Their nose is broad and round, and they have large nostrils. The color of their nose is always black.
    Their black and closely-fitted lips are invisible. The gums are dark too (should be black), with strong and broad lower and upper jaws.
    Their eyes are almond-shaped, medium-sized, and dark brown in color with close-fitted eyelids.
    Their ears are alert, triangular-shaped, placed high on their head, and wide apart. They have tight-fitted skin on their head.
  • Neck: Without excessive dewlap, their neck is free from throatiness. It appears strong and well-muscled with adequate length and a slight arch.
  • Body: Rottweilers have a strong bodies. Their deep chest is broad with well-sprung ribs.
  • Tail: Here lies the major American rottweiler vs. German rottweiler difference. Germany has banned the practice of tail-docking, while in the US, the practice is still prevalent, and the Rottweilers with a docked tail are preferred. The FCI (Fédération Cynologique Internationale) follows the Country of Origin Breed Standard for tail description.
  • Limbs: The front and rear legs are not placed too close to each other. The shoulders are strong and laid back well. The front feet and toes are strong, well-arched, and tight with strong and short black nails.
  • Gait: If a Rottweiler trots, that’s fine. Trotting comes naturally to them. But if the Rottie is sluggish while trotting, that is deemed a severe fault. Their movements are steady, unrestricted, and energetic, and they have a fine pace. Their balance and effectiveness are harmonious.
  • Coat: They have an outer coat and an undercoat. Their undercoat is not visible through the outer coat and is present on the thighs and neck. Rottweilers belonging to hotter regions may not have the undercoat. Their outer coat is medium-length, dense, coarse, and flat. They are easy to maintain, but they do experience seasonal shedding. AKC considers long and wavy coats as faulty. According to AKC’s standards, the coat of Rottweilers is short and straight.
  • Colors and Markings: Rotties are distinctive when it comes to colors and markings. The FCI standards describe them as black with rich tan markings on their cheeks, muzzle, over both eyes, throat, chest, legs, and under the base of the tail.

The AKC also counts rust or mahogany-colored markings that are not on more than 10 percent of the Rottie’s body. The AKC also specifies a dot above each eye on the inner brow ridge, on the cheeks, and on each side of the snout.

American Rottweiler vs German Rottweiler Dogs
American Rottweiler vs German Rottweiler Dogs

American Rottweiler vs. German Rottweiler Difference (Physical Appearance)

If you make the American and German Rottweiler stand side by side, you’ll notice that the American Rotties are more tall and spindly than the Germans. The American Rottweilers are known for their strength and endurance, and they are medium-large in size.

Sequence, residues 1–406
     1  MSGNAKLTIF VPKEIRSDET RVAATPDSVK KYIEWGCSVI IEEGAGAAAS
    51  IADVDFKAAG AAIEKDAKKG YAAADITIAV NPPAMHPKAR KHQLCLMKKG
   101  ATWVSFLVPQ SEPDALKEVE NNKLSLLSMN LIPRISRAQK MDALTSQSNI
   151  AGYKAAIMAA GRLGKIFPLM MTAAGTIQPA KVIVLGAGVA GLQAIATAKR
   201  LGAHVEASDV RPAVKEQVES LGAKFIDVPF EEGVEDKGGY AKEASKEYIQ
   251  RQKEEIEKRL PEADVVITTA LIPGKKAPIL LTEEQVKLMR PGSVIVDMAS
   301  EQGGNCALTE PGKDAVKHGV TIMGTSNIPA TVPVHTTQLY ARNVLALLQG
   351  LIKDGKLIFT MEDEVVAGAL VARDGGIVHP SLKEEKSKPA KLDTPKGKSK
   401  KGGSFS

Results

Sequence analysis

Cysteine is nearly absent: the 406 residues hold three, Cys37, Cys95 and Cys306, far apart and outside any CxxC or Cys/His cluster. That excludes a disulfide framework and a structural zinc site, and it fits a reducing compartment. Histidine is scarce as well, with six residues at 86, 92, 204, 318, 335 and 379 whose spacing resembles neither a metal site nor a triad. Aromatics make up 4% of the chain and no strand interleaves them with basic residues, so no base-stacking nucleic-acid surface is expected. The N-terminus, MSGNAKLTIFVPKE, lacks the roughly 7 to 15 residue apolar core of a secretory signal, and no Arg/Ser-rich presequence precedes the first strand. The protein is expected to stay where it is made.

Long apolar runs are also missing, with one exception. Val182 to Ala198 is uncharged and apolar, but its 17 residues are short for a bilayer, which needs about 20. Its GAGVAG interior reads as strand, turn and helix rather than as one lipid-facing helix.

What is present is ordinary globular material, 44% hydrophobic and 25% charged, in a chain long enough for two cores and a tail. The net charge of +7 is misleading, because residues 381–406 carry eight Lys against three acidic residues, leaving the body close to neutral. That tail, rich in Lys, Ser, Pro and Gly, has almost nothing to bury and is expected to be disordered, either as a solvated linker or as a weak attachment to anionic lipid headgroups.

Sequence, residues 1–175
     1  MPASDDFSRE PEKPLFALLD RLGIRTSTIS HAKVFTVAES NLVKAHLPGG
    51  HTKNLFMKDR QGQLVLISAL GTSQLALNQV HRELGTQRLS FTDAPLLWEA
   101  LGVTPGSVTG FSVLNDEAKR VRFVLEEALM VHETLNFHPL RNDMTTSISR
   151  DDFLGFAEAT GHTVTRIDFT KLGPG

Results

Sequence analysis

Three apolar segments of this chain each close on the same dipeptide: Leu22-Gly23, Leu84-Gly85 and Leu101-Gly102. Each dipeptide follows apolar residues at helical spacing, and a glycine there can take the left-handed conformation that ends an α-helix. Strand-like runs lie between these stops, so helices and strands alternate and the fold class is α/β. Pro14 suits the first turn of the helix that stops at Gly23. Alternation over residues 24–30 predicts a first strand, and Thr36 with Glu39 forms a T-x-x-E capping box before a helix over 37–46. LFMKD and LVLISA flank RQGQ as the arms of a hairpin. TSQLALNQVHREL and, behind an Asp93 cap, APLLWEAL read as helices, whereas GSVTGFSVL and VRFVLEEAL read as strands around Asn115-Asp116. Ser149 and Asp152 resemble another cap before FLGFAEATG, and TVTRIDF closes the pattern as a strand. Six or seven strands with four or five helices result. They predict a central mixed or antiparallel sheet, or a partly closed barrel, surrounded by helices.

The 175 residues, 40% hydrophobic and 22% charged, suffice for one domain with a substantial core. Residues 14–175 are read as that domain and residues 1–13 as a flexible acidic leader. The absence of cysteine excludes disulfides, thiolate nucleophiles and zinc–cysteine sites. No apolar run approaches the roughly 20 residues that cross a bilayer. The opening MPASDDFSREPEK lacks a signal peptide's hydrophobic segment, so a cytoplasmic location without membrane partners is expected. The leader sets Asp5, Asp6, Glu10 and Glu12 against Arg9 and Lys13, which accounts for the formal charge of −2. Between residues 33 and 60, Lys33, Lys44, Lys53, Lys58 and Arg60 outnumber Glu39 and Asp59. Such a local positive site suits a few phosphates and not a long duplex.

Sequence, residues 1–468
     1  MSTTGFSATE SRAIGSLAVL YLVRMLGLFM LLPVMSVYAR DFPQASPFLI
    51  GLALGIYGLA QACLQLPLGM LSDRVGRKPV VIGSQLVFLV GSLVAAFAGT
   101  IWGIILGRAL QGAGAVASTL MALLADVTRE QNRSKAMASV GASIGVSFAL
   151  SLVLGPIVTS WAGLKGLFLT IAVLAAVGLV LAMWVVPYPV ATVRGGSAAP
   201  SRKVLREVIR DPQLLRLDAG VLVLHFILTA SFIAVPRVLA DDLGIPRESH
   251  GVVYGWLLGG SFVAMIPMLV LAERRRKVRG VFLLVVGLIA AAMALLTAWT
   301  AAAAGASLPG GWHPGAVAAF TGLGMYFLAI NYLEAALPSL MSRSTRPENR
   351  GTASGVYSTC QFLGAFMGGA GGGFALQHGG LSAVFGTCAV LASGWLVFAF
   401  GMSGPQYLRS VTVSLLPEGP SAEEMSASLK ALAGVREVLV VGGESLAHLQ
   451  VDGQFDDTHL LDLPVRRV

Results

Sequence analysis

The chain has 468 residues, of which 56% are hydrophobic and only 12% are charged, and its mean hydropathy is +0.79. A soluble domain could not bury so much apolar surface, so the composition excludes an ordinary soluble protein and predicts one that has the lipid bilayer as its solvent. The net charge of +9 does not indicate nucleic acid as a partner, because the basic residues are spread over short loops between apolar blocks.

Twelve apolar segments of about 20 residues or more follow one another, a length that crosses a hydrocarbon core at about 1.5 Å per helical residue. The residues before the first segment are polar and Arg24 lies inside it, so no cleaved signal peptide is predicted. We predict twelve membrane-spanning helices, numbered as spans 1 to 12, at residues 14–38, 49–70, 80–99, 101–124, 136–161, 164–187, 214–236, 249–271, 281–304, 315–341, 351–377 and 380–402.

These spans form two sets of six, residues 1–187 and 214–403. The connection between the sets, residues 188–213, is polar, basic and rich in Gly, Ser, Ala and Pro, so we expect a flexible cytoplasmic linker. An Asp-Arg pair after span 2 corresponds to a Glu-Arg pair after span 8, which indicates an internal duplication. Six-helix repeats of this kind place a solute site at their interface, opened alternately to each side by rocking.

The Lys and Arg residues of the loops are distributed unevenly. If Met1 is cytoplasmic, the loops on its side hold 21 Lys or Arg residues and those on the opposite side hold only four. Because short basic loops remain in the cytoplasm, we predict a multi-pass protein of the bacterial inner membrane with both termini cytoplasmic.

These are powerful canines and are considered working dogs. German Rottweilers are more striking and look intimidating with their broader and more muscular bodies. Their thick bones and blocky heads make them look impressive.

The head of American Rottweilers is relatively smaller than that of the German Rotties. The major difference between the two that instantly distinguishes them is a docked tail. Since tail-docking is prohibited in Germany, the German Rots are never bred with a docked tail, while the AKC appreciates a docked tail.

Another trait that distinguishes them is their size. The comprehensive differences are discussed further.

German Rottweiler vs. American Rottweiler Size

When it comes to size analysis of German vs. American Rottweilers puppies, both AKC and ADRK have their set of standards. They come in all sizes, i.e., small, medium, and large. The male dogs are relatively bigger than the female dogs.

AKC Standards for Size

The AKC has provided a general size of the Rottweilers for both male and female dogs. Their standards are:

Male American Rotties Female American Rotties
Height 24 to 27 inches 22 to 25 inches
Weight 95 to 135 pounds 80 to 100 pounds




ADRK Standards

ADRK standards are incredible when it comes to Rottweiler sizes. They have split their size as small, medium, large, and very large. Since their aim is to produce perfect Rotties, they provide their breeders with well-guided information.

Male German Rotties Female German Rotties
Height 24 to 27 inches


Small: 24 inches

Medium: 25 inches

Large: 26 inches

Very Large: 27 inches

22 to 25 inches


Small: 22 inches

Medium: 23 inches

Large: 24 inches

Very Large: 25 inches

Weight 110 pounds approx. 93 pounds approx.

German Rottweiler vs. American Rottweiler Temperament

Although their temperament greatly depends on how they were raised and socialized by the breeders and owners, in general, they have a placid attitude. Besides, while registering the Rotties, they are tested for their temperament as well. The more their temperament deviates from their natural temperament, the more is a chance they won’t get registered.

American Rottweilers German Rottweilers